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Evolution:   Fact and/or Theory?

In chatrooms and creationism websites the claim is often made that evolution is "only a theory" or that it is not, and should not be taught as, a "fact." Most often these claims arise out of the need for fundamentalist believers to defend non-negotiable elements of faith. Semantical arguments are also made by students recently introduced to elementary courses in philosophy and logic. In other cases questions are raised by persons honestly unaware of the definitions and methods of science.

In an age where sound bites, opinion polls and glancing at magazine covers replaces reading and programs for continuing education, it is perhaps understandable why the majority of people are woefully ignorant of science generally, and of its definitions, specifically. For those who wish to deny evolution and the findings of science it is easy to find in a dictionary a definition for a word to assist their preconceptions. But dictionaries are not arbiters of science. Scientific definitions are the product of consensus among working scientists and editors of peer-reviewed journals of science. In discussing science we should speak her language.

Words such as fact, hypothesis, theory, law, proof, probability, true and false have meanings within science. Dictionaries often do give adequate, brief, scientific definitions for these words. But it is often necessary to understand those definitions in a broader context (often given in specialty dictionaries of science).

I present below a few explanations given by eminent scientists. Below those you will find a few links to other webpages that provide alternate definitions and viewpoints. If you remain puzzled after reading thoroughly these explanations and definitions, my email address may be found at the very bottom of this page.

Paul R. Ehrlich in Human Natures: Genes, Cultures and the Human Prospect, p. 74.

Scientific hypotheses are, in one way or another, tested against nature -- the "real world" that all scientists conventionally agree is "out there."1 Only when hypotheses are sufficiently tested and bind together information from relatively diverse areas that previously had not been connected do they properly become theories. But that is the opposite of the popular understanding of the term; it's scientific meaning is much closer to that of the word fact in common parlance.2 Theories embody the highest level of certainty for comprehensive ideas in science. Thus, when someone claims that evolution is "only a theory," it's roughly equivalent to saying that the proposition that the Earth circles the sun rather than vice versa is "only a theory." Evolution is, in fact, a very useful theory. [underscore added]

1 If the extreme version of solipsism (the notion that only the self and the contents of one's own consciousness exist -- or can be known) were taken as correct, one could not do science.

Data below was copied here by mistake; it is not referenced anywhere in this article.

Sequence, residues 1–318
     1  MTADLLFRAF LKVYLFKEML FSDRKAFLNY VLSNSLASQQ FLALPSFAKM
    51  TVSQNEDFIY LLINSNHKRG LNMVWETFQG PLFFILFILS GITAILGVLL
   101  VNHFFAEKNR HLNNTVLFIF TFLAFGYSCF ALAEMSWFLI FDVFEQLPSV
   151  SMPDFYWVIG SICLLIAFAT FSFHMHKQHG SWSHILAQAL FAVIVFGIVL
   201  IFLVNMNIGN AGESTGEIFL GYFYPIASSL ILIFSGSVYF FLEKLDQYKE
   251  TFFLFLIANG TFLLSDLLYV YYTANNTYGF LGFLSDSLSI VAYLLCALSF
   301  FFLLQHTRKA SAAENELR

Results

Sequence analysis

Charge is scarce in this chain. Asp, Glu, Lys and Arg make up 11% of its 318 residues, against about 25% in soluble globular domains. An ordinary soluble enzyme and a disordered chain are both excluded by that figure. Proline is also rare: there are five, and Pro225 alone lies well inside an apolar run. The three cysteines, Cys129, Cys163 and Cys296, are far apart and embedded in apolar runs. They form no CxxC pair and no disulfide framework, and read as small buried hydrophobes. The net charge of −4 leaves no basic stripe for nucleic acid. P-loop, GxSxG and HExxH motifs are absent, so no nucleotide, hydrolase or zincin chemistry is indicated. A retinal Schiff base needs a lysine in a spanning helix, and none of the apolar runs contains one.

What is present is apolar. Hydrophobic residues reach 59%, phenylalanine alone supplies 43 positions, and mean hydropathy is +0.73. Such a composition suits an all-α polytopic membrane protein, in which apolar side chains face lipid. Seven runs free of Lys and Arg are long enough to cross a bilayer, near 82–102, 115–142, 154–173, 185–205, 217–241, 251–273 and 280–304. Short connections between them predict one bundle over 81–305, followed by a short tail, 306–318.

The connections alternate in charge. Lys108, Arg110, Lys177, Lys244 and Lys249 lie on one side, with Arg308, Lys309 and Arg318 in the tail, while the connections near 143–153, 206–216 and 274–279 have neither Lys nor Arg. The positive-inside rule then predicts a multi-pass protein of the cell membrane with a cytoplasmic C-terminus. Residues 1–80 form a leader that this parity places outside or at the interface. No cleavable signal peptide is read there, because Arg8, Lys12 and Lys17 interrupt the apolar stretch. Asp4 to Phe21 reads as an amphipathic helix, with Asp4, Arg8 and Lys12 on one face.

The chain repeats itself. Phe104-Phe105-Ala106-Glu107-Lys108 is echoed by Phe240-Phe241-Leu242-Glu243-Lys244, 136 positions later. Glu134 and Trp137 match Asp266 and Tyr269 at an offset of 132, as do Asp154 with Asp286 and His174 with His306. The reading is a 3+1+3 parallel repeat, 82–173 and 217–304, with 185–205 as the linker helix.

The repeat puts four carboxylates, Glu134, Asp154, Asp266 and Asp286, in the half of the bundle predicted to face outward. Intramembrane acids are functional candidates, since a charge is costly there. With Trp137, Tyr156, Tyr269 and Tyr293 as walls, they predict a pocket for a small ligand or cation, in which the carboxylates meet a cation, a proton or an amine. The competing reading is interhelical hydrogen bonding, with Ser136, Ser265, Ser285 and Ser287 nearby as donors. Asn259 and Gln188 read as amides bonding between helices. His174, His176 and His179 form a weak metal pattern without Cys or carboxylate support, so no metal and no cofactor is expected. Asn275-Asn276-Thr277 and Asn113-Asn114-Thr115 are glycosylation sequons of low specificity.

2 A scientific theory can be defined as a coherent framework for an entire field, one ordinarily so well supported by empirical data that scientists act as if it were "proven." Once established, theories are treated as "true" (I use quotation marks because truth itself is not a scientific concept; all scientific ideas are subject to revision) as long as they are useful -- generally until and unless some scientist demonstrates them to be wrong. Any position that is based on authority and is not subject to revision cannot be accurately described as scientific.

Stephen J. Gould  Excerpted from  Discover Magazine  (May, 1981).

In the American vernacular, "theory" often means "imperfect fact" - part of a hierarchy of confidence running downhill from fact to theory to hypothesis to guess. Thus the power of the creationist argument: evolution is "only" a theory and intense debate now rages about many aspects of the theory.

Well evolution is a theory. It is also a fact. And facts and theories are different things, not rungs in a hierarchy of increasing certainty. Facts are the world's data. Theories are structures of ideas that explain and interpret facts. Facts don't go away when scientists debate rival theories to explain them.

Moreover, "fact" doesn't mean "absolute certainty"; there ain't no such animal in an exciting and complex world. The final proofs of logic and mathematics flow deductively from stated premises and achieve certainty only because they are NOT about the empirical world. Evolutionists make no claim for perpetual truth. In science "fact" can only mean "confirmed to such a degree that it would be perverse to withhold provisional consent." [underscore added]

Evolutionists have been very clear about this distinction of fact and theory from the very beginning, if only because we have always acknowledged how far we are from completely understanding the mechanisms (theory) by which evolution (fact) occurred. Darwin continually emphasized the difference between his two great and separate accomplishments: establishing the fact of evolution, and proposing a theory - natural selection - to explain the mechanism of evolution.

Additional References

Scientific Laws, Hypotheses, and Theories by Jerry Wilson.

Nat'l Academy Press, Science and Creationism: Introduction offers similar definitions.

Scientific Method Describes how science works, difference between hypotheses, theories and facts.

Fact and Theory : by Ken Harding.

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factortheory.htm Last Updated April 22, 2011     Links verified April 22, 2011